Celebrating Diwali and multiculturalism

If it were not for the gray, Pacific Northwest drizzle outside, one might think the people walking in to the Vedic Cultural Center wearing saris and salwar kameez were in India. But this is Sammamish, not New Delhi; As the Indian American families escape the cold and wet outside and pour into the brightly lit Hare Krishna vedic center, they prepare to symbolically celebrate victory of light over darkness--the basic message of Diwali, festival of lights.

Sanskriti Agarwal

Sanskriti Agarwal

If it were not for the gray, Pacific Northwest drizzle outside, one might think the people walking in to the Vedic Cultural Center wearing saris and salwar kameez were in India.

But this is Sammamish, not New Delhi; As the Indian American families escape the cold and wet outside and pour into the brightly lit Hare Krishna vedic center, they prepare to symbolically celebrate victory of light over darkness–the basic message of Diwali, festival of lights.

It’s this holiday, along with other traditions and values, that Muru Subramani, a Sammamish resident and CTO out of Bellevue, aims to hand down to his 6-year-old daughter and 3-year-old son.

“Veda means knowledge, so ‘Vedic Cultural Center’ means culture based on knowledge,” Subramani said. “Our ancestors gave us this knowledge, so it’s important for us to pass it on to the next generation.”

Subramani is one of many India-born members of the center raising multicultural children. These children are often the first generation in their families to be born in the US and develop an identity that is both American and Indian, Subramani said. They grow up in households that teach them to recognize important figures in their faith such as the handsome, blue-skinned Krishna, or God, as well as American icons like Mickey Mouse. They speak English predominantly, as well as Indian languages such as Tamil.

Unlike many of their immigrant parents, children of the vedic center get both American and Indian holidays.

Diwali, of course, being a major one. It lasts for six days and is celebrated between mid-October and mid-November. In India, it brings in a heavy shopping season.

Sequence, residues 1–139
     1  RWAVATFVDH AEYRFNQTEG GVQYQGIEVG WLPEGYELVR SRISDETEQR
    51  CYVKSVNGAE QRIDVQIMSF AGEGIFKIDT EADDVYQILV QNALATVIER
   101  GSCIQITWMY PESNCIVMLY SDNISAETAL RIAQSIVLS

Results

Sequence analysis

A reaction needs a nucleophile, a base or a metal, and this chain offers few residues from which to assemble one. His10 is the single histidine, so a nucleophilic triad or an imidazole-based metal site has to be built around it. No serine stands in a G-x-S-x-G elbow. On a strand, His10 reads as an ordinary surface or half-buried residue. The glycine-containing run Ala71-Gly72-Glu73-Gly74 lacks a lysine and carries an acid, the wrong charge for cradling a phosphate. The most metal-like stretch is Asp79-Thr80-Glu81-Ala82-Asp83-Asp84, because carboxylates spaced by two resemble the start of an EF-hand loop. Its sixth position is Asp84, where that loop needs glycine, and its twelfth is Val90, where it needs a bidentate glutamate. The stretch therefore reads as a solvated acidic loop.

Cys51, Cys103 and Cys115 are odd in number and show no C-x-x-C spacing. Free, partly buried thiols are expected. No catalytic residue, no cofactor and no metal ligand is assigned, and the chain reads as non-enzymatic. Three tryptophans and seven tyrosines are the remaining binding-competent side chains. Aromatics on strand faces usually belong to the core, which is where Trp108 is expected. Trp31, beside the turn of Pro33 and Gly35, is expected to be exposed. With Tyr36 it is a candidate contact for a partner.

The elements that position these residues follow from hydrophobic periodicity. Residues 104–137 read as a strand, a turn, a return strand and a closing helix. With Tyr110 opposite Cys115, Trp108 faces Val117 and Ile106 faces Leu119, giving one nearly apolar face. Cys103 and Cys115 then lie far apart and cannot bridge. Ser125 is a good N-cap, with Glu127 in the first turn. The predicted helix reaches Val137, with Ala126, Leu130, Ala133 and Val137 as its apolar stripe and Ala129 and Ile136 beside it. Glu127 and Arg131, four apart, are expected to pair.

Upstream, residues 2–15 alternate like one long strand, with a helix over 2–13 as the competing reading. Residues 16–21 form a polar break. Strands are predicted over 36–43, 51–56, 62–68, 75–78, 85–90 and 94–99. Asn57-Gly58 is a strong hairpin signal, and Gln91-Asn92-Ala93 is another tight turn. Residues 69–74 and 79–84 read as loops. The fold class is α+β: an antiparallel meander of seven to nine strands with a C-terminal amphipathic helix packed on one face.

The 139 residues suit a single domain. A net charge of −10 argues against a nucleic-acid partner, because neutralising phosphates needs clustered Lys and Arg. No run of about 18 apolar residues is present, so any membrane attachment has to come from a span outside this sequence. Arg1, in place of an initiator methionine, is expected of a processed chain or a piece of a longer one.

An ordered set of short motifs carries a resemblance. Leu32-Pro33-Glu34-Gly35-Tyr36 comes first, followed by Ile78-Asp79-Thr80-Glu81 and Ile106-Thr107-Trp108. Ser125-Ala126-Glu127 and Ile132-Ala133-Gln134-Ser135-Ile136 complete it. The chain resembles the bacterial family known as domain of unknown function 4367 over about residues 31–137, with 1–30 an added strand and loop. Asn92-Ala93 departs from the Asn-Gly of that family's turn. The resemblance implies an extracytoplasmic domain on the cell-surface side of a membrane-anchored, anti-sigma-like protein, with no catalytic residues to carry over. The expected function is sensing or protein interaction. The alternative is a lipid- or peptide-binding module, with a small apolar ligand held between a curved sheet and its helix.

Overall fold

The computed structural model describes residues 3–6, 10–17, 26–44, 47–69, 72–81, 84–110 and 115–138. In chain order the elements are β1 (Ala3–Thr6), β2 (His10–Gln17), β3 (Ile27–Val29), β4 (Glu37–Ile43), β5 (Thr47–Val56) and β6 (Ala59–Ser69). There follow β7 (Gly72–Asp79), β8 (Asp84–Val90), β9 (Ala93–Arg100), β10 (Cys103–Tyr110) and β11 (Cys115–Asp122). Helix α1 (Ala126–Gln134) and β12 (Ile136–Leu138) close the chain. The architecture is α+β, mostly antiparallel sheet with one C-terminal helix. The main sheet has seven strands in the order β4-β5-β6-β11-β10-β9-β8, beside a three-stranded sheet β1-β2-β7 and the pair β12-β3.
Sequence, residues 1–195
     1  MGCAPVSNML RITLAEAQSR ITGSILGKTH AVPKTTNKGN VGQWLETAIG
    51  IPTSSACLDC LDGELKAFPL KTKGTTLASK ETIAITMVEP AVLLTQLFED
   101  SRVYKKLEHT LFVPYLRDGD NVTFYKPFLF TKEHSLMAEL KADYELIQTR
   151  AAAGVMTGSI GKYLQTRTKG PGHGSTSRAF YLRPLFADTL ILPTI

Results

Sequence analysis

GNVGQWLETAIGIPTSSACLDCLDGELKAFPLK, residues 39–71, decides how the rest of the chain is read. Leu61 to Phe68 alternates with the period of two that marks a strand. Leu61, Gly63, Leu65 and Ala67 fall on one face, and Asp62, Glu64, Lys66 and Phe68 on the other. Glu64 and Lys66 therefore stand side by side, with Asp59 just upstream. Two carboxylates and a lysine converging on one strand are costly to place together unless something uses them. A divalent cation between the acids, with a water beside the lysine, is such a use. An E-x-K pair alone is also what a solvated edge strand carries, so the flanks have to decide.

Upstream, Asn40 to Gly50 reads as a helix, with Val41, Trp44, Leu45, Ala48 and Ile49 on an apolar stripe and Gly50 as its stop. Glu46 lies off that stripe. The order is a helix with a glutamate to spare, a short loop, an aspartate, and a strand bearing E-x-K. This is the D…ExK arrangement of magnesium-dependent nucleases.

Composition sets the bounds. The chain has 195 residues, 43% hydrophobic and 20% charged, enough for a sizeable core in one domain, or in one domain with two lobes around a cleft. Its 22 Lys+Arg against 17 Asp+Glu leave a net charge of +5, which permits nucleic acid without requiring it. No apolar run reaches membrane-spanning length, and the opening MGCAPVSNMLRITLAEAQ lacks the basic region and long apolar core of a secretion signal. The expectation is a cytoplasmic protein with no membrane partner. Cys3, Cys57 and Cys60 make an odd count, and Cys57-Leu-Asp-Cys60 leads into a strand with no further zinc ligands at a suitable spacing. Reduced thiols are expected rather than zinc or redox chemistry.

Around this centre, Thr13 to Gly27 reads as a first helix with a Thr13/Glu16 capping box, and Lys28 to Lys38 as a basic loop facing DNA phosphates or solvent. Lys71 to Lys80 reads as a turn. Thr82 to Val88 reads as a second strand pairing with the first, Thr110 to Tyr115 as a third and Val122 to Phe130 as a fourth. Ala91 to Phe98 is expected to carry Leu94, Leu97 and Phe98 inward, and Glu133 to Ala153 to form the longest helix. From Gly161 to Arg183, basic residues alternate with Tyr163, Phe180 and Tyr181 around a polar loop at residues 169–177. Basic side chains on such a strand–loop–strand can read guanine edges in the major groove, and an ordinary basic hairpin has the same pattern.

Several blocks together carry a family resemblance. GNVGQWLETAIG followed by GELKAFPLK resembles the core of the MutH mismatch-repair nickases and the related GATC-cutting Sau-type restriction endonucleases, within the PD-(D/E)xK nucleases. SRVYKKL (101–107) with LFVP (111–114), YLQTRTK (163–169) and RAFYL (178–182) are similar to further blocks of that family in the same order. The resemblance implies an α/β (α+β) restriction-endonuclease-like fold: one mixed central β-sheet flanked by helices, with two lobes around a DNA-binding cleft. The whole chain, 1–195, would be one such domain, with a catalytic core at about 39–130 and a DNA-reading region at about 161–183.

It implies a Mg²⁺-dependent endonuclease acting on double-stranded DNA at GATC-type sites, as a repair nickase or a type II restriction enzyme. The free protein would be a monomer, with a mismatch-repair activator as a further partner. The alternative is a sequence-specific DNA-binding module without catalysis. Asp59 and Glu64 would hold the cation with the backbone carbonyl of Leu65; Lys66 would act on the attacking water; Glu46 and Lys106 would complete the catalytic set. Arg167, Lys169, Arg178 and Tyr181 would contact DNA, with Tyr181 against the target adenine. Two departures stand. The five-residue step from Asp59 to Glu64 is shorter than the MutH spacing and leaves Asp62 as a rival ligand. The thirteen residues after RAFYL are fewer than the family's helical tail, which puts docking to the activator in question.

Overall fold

People give gifts, don new clothes, and sing and dance to the music of drums and cymbals. Auspicious items are offered to Krishna: ghee lamps, incense, scented flowers and fruit as well as candles, which are also offered to everyone in the worship hall. The people hold their hands over the flames, murmur a prayer and then touch their heads, receiving blessings in return.

“Tonight, we’re celebrating when Lord Rama returned to the royal city of Ayodhya after defeating the demon, Ravana,” Subramani said on the first night of Diwali, Nov. 5. “It’s this victory that represents light and hope. It’s a new beginning, and a new year.”

The children revel in their new clothes for Diwali less than a week after celebrating Halloween, when they dressed up in costumes and a magician came to the vedic center.

Blending the two cultures is important, said Vraja Bhakti, principal of the vedic center’s children’s program. Bhakti said her two daughters who are in elementary school learn traditional Indian dances and music and their other activities include skiing and playing the piano.

This Christmas, Bhakti said she plans on having the 60 to 80 children at the vedic center make ornaments with writing from the sacred Hindu scripture, the Bhagavad Gita, to decorate a christmas tree. In previous years, the children used old CDs, representing chakras, to decorate the tree.

Although raising a child to be proud of their multiculturalism is important, it’s not always easy.

“For example, my daughter will often ask me why people call her an ‘Asian American’ as opposed to her classmates of European ancestry who are merely called ‘American,'” Bhakti said.

She said she reminds her children and the vedic center’s children alike, that being a part of diversity, being American and Indian at the same time, is actually quite special.

After the Diwali service, the children in Bhakti’s program play with sparklers at the entrance of the building, giggling and dancing after celebrating Rama’s victory. The next time they play with sparklers won’t be for a Hindu-based holiday–it will be to celebrate America’s independence in July.


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